Step 6. Based on the main points, craft questions the content should answer for readers. This will help you focus your research, so you don't waste time with extraneous stuff.
Step 7. Identify resources, including any "live" interview sources who can help answer your research questions.
Step 8 (If necessary). Contact potential sources to schedule interviews.
Phase 1 Bottom Line: When you invest the extra time in Phase 1, the remaining steps will flow much faster, with less stress.
Phase 2: Research
Step 9. Research topic, including competitive content via the Internet and other sources.
Step 10 (If necessary). Complete any scheduled interviews.
Step 11 (If necessary). Transcribe interviews.
You can eliminate this step if you conduct interviews via email or hire a transcription service. I use Rev.com to transcribe my interviews.
Step 12. Identify and obtain any additional research needed to begin the drafting process.
Phase 2 Bottom Line: Be careful at this stage to strike the right balance—to get the optimal amount of information you need without going overboard.
Phase 3: Structure
Step 13. Read through research/ transcripts and begin noting the "big ideas" on my mind map.
Step 14. If necessary, look up any additional research/ stats to strengthen the work, fill in gaps.
Step 15. Refer to my answers in Step 3 (under Phase 1) for inspiration to help me write the lede (intro) in a way that quickly grabs my audience's attention and gives them compelling reasons to continue reading.
Step 16. Write "rough" lede with a corresponding kicker (the closing section of the article) to solidify direction of the work before I begin writing the main body of the content.
Step 17. Begin arranging and organizing the big ideas on the mind map.
Step 18. Convert the mind map into a linear outline and prep for Draft #1.
Phase 3 Bottom Line: With this structure, you've essentially created a mold, which helps give shape to your message in the drafts moving forward.
Phase 4: Draft #1
Step 19. "Pour" research and other rough content into appropriate sections in the outline.
Phase 4 Bottom Line: At this point, the draft is very rough. But that's ok. The goal here is to have all the "puzzle pieces" I need in front of me so that in Draft #2, I can just focus on sorting those pieces into a cogent draft.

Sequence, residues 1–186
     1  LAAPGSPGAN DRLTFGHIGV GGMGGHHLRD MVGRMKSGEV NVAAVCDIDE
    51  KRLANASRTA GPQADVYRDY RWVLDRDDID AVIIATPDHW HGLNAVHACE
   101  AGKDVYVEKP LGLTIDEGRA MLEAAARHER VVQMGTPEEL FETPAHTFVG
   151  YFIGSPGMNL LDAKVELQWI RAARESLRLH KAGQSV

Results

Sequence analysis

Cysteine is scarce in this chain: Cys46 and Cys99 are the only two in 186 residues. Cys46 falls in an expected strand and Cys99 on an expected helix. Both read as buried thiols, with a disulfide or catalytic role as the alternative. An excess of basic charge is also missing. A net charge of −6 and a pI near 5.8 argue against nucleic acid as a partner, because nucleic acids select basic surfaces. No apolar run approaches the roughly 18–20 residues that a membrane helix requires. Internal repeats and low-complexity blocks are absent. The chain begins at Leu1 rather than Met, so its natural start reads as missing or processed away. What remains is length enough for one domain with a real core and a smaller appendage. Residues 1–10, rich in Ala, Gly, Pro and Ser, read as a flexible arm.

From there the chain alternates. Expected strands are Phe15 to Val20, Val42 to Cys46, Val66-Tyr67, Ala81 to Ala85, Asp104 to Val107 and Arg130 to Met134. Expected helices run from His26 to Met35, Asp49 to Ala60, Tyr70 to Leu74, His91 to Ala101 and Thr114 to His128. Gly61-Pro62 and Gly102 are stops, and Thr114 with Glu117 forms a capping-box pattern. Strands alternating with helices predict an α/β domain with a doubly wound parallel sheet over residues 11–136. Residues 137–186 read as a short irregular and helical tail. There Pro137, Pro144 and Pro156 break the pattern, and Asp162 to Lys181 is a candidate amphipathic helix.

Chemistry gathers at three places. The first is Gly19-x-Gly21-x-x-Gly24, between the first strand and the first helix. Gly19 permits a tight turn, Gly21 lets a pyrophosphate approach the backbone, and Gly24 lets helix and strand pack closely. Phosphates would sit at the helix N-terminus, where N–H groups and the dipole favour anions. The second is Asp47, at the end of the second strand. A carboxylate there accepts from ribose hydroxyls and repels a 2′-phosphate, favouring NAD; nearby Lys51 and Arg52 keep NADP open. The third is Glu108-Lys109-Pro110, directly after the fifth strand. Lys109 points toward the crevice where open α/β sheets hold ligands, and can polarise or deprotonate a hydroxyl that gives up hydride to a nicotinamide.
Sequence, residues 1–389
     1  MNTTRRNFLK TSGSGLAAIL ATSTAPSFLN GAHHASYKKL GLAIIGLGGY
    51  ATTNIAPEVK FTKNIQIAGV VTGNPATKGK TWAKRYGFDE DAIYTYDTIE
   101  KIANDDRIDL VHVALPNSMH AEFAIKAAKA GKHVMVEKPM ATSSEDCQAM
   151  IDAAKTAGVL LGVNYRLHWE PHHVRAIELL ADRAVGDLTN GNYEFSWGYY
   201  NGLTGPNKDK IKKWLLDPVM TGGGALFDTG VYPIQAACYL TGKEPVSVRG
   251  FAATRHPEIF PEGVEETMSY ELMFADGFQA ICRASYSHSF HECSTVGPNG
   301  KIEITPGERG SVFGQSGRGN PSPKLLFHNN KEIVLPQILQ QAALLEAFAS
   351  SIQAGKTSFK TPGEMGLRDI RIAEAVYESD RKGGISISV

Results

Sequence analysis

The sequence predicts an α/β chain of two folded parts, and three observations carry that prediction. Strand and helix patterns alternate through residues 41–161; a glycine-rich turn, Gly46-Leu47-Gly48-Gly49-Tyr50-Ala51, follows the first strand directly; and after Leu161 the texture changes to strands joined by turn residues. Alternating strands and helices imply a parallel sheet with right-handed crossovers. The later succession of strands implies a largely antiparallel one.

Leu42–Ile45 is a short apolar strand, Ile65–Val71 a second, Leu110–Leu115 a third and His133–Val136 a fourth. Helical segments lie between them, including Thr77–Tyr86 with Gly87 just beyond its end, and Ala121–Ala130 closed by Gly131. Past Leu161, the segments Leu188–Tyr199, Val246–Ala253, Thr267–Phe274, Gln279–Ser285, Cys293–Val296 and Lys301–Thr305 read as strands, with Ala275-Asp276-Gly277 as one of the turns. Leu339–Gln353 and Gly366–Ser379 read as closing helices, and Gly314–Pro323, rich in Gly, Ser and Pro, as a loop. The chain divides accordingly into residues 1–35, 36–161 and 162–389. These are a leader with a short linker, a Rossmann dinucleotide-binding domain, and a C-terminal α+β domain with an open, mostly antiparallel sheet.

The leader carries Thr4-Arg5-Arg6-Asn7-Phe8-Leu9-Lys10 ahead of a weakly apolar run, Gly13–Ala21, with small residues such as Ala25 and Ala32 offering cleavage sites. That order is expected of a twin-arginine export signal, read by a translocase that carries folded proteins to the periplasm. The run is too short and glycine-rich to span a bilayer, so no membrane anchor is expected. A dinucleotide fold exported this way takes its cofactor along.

Phase 5: Draft #2
Step 20. Pick any section in the draft to start editing.
Step 21. Consolidate and pare down research that is not absolutely relevant.
Step 22. Keep moving. If stumped, skip to another section in the piece.
Phase 5 Bottom Line: The draft is still rough, but it has clear shape and direction.
Phase 6: Draft #3
Step 23. Start with the lede and edit one section at-a-time, in sequence.
Step 24. Smooth rough areas, correcting any grammar/ stylistic issues.
Step 25. Complete fact-checking and fill in any blanks that I left in the previous draft.
Phase 6 Bottom Line: The draft at this point is solid but needs one more review for polish and style.
Phase 7: Draft #4
Step 26. Look for any remaining "rough patches" and polish them. Tighten grammar; trim the fat.
Step 27. Finalize headline (or title), using the following four questions as a sanity check. (I use a rough working headline up to this point.)
Is the headline compelling and congruent with the body content? Make it interesting but avoid the hype that would set up false expectations for the audience, undermining our trust and hard-earned credibility with them.
Does the headline speak to the needs, pains and aspirations of the audience? Refer back to answers under Step 3 in Phase 1 to confirm alignment of headline with the content's value proposition.
Can you make the headline appeal to both the head and the heart? Logic will get the audience to agree; emotion will compel the audience to act. Push both buttons simultaneously to improve odds that the audience will want to consume the content.
Can you shorten the headline without weakening it? What words are not absolutely necessary to make your point? Remove them.
Phase 7 Bottom Line: Get the piece ready for prime time.
Fear is the enemy of creativity. So silence the fear by developing a writing system that instills the discipline and focus you need to produce great stories.
Sean M. Lyden is CEO of Lyden Communications LLC, a Strategy and Storytelling consultancy that helps entrepreneurs tell their story in a way that grabs attention, garners trust, and grows their business.
The Next Step